What happens when you mix the intuitive draw-your-own-map-as-you-play-mechanic of Etrian Odyssey with the addictive combat and gripping slice of life gameplay of Persona? You get Persona Q, a dungeon crawler that’s an absolute must-have for any self-respecting role-playing game fanatic. Sadly if you don’t have a 3DS, you are out of luck as the game is exclusive to the handheld.
Having only played Persona 4 Golden on the PS Vita, and loving every bit of RPG (role-playing game) goodness the game had to offer, I was initially taken aback by the chibi (short person in Japanese) art style of Persona Q.
For comparisons, the following images will illustrate the differences between the chibi and original versions Persona Q and Persona 4.
Note: Put simply, chibi means small and cute.
The cute versions of Persona 4 characters, which I spend a good 100 hours with in Persona 4, just felt off to me. Like a good friend whom you haven’t seen in ages, I guess familiarity played a part in that. Months went by, and as more info about Persona Q was revealed on gaming websites, social media, the new look didn’t seem so bad anymore. If anything, it started to grow on me.
Persona Q brings the Yasoinaba High school students of Persona 4 and the Specialized Extracurricular Execution Squad (SEES) of Persona 3 who have unwittingly found themselves in a strange labyrinth with no way of escaping from. Players can choose between the students of Yaso High or SEES before embarking on their journey. I decided to go with the latter for obvious reasons.
When the odds are stacked in your favour, SEES (Yaso high students if you chose the P3 path) members will drop in to get your heroes out of a pinch. This is very neat as it’s the first time both sets of casts are seen together. Without spoiling anything, it’s best to have either played P3 or P4 to fully appreciate all the little neat touches the game has to offer.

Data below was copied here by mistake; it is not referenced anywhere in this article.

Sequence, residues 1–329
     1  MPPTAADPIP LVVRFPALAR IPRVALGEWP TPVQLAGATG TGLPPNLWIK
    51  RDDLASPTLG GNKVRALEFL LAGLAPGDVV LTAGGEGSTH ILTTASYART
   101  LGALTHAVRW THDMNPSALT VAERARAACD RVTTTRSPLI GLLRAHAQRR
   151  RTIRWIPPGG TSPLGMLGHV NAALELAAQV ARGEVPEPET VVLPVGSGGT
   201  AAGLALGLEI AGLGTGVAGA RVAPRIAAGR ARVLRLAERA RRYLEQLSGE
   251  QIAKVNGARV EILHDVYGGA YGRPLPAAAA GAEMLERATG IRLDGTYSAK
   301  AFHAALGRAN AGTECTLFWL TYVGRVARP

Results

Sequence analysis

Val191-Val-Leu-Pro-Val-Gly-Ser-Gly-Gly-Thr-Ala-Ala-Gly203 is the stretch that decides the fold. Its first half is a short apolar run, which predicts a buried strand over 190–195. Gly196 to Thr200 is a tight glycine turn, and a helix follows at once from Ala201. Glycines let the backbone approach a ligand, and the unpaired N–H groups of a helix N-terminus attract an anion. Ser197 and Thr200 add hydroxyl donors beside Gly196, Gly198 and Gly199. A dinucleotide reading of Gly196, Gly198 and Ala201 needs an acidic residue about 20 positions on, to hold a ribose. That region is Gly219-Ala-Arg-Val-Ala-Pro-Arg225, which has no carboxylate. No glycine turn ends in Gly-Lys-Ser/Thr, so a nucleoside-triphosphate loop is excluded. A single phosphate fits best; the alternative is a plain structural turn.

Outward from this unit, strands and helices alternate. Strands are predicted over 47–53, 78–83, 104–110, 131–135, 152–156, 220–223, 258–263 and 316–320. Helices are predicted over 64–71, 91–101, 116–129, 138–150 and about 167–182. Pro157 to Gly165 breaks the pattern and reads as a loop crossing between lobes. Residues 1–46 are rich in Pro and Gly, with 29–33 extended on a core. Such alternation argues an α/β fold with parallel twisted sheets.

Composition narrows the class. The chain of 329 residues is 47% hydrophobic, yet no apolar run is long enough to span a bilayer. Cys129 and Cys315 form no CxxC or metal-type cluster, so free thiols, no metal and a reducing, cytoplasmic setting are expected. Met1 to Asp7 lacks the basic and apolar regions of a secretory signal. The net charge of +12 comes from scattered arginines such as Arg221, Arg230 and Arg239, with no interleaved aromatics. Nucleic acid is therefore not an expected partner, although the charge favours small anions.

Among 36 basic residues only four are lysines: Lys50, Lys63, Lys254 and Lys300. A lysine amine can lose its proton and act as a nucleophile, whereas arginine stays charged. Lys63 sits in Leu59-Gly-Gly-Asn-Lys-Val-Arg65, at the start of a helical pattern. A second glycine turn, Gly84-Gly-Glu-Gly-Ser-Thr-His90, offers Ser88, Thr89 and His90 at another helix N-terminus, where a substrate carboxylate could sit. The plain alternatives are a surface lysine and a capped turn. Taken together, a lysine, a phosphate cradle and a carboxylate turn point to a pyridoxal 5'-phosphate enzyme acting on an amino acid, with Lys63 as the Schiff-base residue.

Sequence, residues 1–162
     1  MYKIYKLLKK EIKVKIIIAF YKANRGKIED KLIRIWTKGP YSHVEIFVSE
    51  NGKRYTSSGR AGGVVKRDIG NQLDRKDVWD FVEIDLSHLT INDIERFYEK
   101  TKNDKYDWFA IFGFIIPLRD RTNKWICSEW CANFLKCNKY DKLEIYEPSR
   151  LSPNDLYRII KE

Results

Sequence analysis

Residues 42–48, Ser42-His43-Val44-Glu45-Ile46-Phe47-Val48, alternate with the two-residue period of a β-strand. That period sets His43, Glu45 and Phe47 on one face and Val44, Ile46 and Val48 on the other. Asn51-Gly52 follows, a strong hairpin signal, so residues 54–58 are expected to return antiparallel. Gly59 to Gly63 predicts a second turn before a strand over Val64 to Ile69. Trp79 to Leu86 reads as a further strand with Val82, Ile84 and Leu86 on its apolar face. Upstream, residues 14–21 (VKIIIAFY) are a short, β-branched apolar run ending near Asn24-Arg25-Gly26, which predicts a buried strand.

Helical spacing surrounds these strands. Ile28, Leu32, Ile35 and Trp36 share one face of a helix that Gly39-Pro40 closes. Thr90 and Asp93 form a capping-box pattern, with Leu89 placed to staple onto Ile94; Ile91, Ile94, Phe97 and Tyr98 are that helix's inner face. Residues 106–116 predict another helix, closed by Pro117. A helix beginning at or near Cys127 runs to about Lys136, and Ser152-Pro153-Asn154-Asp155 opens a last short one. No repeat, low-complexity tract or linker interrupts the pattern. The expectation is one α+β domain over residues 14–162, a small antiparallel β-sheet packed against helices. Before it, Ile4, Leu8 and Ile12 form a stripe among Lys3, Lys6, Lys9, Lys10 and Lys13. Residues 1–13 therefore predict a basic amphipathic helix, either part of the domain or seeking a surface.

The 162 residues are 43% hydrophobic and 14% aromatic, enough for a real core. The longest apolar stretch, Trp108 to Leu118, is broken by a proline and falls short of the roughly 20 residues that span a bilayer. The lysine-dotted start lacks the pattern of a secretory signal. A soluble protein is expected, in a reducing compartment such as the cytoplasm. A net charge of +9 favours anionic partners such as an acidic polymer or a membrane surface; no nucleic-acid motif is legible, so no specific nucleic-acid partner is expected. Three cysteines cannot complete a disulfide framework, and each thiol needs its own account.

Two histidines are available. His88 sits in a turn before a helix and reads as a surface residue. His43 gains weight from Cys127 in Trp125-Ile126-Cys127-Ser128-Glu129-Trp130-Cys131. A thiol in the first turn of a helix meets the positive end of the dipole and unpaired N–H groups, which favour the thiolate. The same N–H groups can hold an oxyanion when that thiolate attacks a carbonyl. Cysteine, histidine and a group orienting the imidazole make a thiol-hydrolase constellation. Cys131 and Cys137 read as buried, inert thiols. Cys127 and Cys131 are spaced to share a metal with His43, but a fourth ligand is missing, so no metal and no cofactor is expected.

Fast forward to today, I’m currently around 30 hours into the game and it just keeps getting better. The fact that the battle theme (which plays whenever you encounter an enemy), Light the Fire Up in the Night, hasn’t grown old is a testament to Atlus and their renown expertise in crafting infectious beats that stay with you. From the seductive beats of Catherine, to the high octane dungeon theme of Persona, to the dark riveting theme of Shin Megami Tensei, you are in for an aural treat whenever you play an Atlus game.
With five difficulty settings that range from Safety, Easy, Normal, Hard to Risky, the game is quite the challenge even on Normal. Players can expect to do much grinding in the game or you won’t stand a chance against the game’s bosses and high level enemies.
F.O.E’s, high-level enemies that are not only tough to take down, but also tricky encounters. It is often best to find ways to navigate around them, especially in the first dungeon which was inspired by Alice in Wonderland. The F.O.E’s in the dungeon who take the form of cards will walk in a predetermined path that you can navigate around. Just when you think that they are easy to avoid, the maps become narrower and a new mechanic is introduced, F.O.E’s can now be distracted whenever you wash the red roses with a watering can (which is obtainable).
It isn’t so tough when there is only one F.O.E, but the game ups the tempo as you will need to figure out how to get past three of them. Do you take the less elegant route and fight your way past them and risk losing your progress with a Game Over? Or do you put on your thinking cap and figure out a solution. It is highly satisfying to pull off the latter as the sense of accomplishment feels like a second game in itself.
If you love RPG’s or a challenging game, Persona Q is highly recommended for it has all the trappings that make for a great game. A battle theme that doesn’t get old, great banter between the casts of characters, addictive yet challenging combat that may test your patience at times, varied side-quests that don’t feel like a chore, Persona Q is probably the handheld game of the year for me. It’s just that good.